Accuracy and utility of a continuous intra-arterial blood gas monitoring system in pediatric patients

Lynne W. Coule, Edward J. Truemper, Curt M. Steinhart, William A. Lutin

Research output: Contribution to journalArticlepeer-review

25 Scopus citations


Objectives: To determine the accuracy of the Paratrend 7 continuous intra-arterial blood gas monitor (CI-ABGM) in radial and femoral artery catheters placed in children compared with simultaneous measurements of pH, Paco2, and Pao2 performed by intermittent blood gas analysis. To determine sensor longevity in pediatric patients at different arterial sites. To determine the utility of CI-ABGM for tracking unanticipated events related to blood gas deterioration. Setting: A pediatric intensive care unit of a university hospital. Design: A prospective clinical investigation. Patients: Fifty critically ill pediatric patients, ranging in age from 1 wk to 18 yrs of age, who required either radial or femoral artery catheters for intermittent arterial blood gas monitoring. Interventions: None. Measurements and Main Results: A Paratrend 7 intra-arterial sensor was placed through either an 18- or 20-gauge catheter previously inserted into the radial or femoral artery. At clinically predetermined intervals ranging from every 1 to 8 hrs, the CI-ABGM measurements of pH, Pco2, and Po2 were compared with the values determined by standard intermittent blood gas analysis. The Paratrend 7 system values were individually adjusted to match ABG results when the Paratrend 7 pH differed by greater than ±0.05 units, Pco2 was greater than ±5 torr (0.7 kPa), and Po2 was greater than ±15% of the ABG value. Significant aberrations in gas exchange defined as unanticipated events were categorized as isolated metabolic acidosis (pH <7.20), hypercapnia (Pco2, >70 torr; 9.3 kPa), and hypoxemia (Po2, <50 torr; 6.7 kPa). All unanticipated events were earmarked from consecutive monitoring epochs ranging from 4 to 24 hrs duration from the time of Paratrend 7 sensor insertion to the time of sensor removal. Fifteen sensors were placed into the radial artery, 34 sensors were placed into the femoral artery, and one sensor was initially placed in the radial and moved to a femoral artery location. Mean radial artery insertion duration was 35 hrs. Mean femoral artery duration was 137.2 hrs. A total of 1445 pairs of ABG results were available for comparison. After removal of individual values, which did not meet inclusion criteria, 1411 pH data pairs, 1408 Pco2 data pairs, and 1326 Po2 data pairs were analyzed. The bias and precision for the pH data were 0.00 and 0.04 units, respectively; for the Pco2 data were -0.4 and 4.8 torr (-0.05 and 0.64 kPa), respectively; and for the Po2 data 1.0 and 25 torr (0.1 and 3.3 kPa), respectively. Detection of unanticipated events was evenly spread across the three categories and was most commonly related to iatrogenic causes or cardiac failure. Persistent waveform dampening necessitating sensor removal was more frequently encountered in radial placement compared to femoral placement. Conclusions: The Paratrend 7 Cl-ABGM is accurate within the extremes of physiologic gas exchange typically encountered in the pediatric intensive care setting. The device is capable of tracking extreme fluctuations in gas exchange with a response rate suitable for making real-time therapeutic decisions. The sensor can be recommended for insertion into a femoral artery cannula. There is a high incidence of blood pressure waveform dampening encountered in radial artery use.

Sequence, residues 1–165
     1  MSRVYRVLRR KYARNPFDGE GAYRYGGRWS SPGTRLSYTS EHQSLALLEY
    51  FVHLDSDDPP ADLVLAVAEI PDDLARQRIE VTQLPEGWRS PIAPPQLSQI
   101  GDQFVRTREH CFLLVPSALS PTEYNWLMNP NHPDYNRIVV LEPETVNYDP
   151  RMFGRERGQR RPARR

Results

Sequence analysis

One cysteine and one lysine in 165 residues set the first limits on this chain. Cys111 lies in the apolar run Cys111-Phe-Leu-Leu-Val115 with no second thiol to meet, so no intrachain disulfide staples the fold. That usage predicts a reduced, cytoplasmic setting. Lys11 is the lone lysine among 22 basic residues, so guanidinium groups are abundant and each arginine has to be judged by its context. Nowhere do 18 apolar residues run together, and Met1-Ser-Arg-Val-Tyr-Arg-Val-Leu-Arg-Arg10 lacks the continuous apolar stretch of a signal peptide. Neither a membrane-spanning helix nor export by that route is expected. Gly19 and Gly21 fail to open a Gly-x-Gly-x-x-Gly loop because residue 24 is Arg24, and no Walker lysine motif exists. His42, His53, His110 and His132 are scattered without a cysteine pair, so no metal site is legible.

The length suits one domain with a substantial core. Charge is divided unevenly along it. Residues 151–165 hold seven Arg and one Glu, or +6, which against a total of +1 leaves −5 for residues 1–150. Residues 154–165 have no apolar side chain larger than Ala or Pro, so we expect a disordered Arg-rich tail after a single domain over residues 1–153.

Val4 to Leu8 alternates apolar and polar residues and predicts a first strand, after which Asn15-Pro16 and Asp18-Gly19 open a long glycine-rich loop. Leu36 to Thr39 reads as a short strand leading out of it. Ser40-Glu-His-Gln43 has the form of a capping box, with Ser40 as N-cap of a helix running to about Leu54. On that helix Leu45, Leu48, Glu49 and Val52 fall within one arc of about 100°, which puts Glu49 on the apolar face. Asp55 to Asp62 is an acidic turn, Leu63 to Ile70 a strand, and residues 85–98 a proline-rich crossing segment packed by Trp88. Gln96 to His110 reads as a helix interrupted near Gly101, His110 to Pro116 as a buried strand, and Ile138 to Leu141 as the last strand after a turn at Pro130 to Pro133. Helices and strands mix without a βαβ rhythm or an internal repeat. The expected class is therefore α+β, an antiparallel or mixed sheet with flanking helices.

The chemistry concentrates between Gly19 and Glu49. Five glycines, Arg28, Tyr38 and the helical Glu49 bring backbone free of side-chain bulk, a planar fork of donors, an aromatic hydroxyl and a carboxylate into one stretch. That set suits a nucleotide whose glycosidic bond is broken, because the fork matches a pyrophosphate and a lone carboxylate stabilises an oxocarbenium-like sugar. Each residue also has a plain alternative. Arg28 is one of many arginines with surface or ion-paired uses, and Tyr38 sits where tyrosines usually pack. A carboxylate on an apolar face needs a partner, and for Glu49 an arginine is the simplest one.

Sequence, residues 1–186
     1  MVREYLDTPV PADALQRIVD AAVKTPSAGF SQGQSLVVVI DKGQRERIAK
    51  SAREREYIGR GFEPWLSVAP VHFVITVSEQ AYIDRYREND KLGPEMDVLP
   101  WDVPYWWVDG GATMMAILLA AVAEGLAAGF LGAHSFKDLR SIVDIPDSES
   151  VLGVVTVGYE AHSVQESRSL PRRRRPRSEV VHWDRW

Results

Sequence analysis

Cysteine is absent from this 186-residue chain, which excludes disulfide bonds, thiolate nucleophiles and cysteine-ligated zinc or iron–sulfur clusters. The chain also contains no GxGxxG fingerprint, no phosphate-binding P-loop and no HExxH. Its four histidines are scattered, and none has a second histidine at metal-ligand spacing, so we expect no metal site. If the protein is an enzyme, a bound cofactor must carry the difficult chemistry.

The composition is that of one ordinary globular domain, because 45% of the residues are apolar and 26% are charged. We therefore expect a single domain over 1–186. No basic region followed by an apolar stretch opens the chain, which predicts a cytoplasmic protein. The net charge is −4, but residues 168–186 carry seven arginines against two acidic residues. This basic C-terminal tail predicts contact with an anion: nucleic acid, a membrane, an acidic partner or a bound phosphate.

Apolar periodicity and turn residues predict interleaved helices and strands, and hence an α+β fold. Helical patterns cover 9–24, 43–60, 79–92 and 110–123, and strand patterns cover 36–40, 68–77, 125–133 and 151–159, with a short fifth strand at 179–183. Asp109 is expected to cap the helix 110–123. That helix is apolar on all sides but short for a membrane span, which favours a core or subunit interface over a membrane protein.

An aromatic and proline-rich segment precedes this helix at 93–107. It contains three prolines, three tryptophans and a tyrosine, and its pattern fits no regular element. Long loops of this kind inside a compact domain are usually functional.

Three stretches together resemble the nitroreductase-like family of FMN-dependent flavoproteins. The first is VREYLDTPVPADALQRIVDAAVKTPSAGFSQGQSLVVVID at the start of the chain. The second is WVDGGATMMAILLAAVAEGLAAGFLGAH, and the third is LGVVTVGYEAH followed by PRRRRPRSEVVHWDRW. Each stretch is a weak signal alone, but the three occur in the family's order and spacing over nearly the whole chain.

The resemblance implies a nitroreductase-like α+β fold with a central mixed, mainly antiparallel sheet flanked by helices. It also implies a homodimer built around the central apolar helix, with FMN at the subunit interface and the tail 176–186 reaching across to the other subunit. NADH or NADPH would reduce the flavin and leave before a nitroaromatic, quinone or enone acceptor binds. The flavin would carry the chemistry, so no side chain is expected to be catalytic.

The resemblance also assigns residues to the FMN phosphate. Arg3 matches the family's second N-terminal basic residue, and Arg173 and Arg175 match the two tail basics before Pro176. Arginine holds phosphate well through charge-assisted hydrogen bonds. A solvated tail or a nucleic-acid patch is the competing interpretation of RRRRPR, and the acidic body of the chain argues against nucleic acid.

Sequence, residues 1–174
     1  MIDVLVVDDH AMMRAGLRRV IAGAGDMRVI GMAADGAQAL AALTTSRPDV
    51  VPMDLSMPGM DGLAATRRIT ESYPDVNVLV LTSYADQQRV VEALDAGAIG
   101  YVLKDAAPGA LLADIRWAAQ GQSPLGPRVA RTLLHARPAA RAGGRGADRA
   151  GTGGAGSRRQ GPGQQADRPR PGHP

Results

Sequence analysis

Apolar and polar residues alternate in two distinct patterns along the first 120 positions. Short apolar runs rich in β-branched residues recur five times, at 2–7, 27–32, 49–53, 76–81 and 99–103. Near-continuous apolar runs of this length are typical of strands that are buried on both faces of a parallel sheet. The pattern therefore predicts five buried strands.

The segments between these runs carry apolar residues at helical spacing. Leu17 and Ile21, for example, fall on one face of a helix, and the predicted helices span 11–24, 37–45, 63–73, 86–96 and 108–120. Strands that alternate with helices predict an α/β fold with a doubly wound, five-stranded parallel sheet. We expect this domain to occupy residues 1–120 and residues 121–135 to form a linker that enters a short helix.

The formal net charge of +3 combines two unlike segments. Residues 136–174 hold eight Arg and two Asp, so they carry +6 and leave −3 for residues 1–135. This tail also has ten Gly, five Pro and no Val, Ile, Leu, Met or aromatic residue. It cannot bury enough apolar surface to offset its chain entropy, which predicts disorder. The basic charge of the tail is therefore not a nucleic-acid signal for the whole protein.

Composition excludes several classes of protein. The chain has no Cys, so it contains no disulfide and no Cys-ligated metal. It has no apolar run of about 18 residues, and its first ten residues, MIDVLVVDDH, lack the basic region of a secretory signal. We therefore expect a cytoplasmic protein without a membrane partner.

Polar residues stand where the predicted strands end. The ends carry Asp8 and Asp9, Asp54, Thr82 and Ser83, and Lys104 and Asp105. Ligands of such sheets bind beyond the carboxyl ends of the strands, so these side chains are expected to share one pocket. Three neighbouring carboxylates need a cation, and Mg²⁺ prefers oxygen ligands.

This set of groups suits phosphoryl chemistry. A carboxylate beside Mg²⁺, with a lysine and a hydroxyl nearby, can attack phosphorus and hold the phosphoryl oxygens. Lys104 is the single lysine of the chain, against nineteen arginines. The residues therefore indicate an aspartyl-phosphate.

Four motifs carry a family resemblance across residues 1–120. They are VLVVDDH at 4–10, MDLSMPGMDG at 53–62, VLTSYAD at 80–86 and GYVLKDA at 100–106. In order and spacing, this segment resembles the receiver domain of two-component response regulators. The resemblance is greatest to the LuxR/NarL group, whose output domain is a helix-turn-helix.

Original languageEnglish (US)
Pages (from-to)420-426
Number of pages7
JournalCritical care medicine
Issue number2
StatePublished - 2001


  • Acid-base balance
  • Blood gas analysis
  • Carbon dioxide
  • Continuous intra-arterial blood gas analysis
  • Gas exchange
  • Intensive care unit
  • Monitoring
  • Oxygenation
  • Point-of-care testing
  • Unanticipated events

ASJC Scopus subject areas

  • Critical Care and Intensive Care Medicine


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